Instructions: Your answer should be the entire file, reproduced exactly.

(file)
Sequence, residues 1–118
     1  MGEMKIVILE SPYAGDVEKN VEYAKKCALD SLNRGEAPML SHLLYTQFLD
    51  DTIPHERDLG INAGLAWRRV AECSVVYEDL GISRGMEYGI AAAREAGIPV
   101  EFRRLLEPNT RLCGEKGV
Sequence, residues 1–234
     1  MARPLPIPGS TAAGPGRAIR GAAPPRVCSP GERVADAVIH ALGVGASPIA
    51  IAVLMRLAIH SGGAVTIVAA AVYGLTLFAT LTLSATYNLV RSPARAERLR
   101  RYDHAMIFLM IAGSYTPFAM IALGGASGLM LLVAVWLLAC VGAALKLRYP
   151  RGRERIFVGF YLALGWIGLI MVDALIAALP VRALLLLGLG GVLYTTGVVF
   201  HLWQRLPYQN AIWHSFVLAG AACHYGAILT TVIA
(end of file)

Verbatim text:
Sequence, residues 1–118
     1  MGEMKIVILE SPYAGDVEKN VEYAKKCALD SLNRGEAPML SHLLYTQFLD
    51  DTIPHERDLG INAGLAWRRV AECSVVYEDL GISRGMEYGI AAAREAGIPV
   101  EFRRLLEPNT RLCGEKGV
Sequence, residues 1–234
     1  MARPLPIPGS TAAGPGRAIR GAAPPRVCSP GERVADAVIH ALGVGASPIA
    51  IAVLMRLAIH SGGAVTIVAA AVYGLTLFAT LTLSATYNLV RSPARAERLR
   101  RYDHAMIFLM IAGSYTPFAM IALGGASGLM LLVAVWLLAC VGAALKLRYP
   151  RGRERIFVGF YLALGWIGLI MVDALIAALP VRALLLLGLG GVLYTTGVVF
   201  HLWQRLPYQN AIWHSFVLAG AACHYGAILT TVIA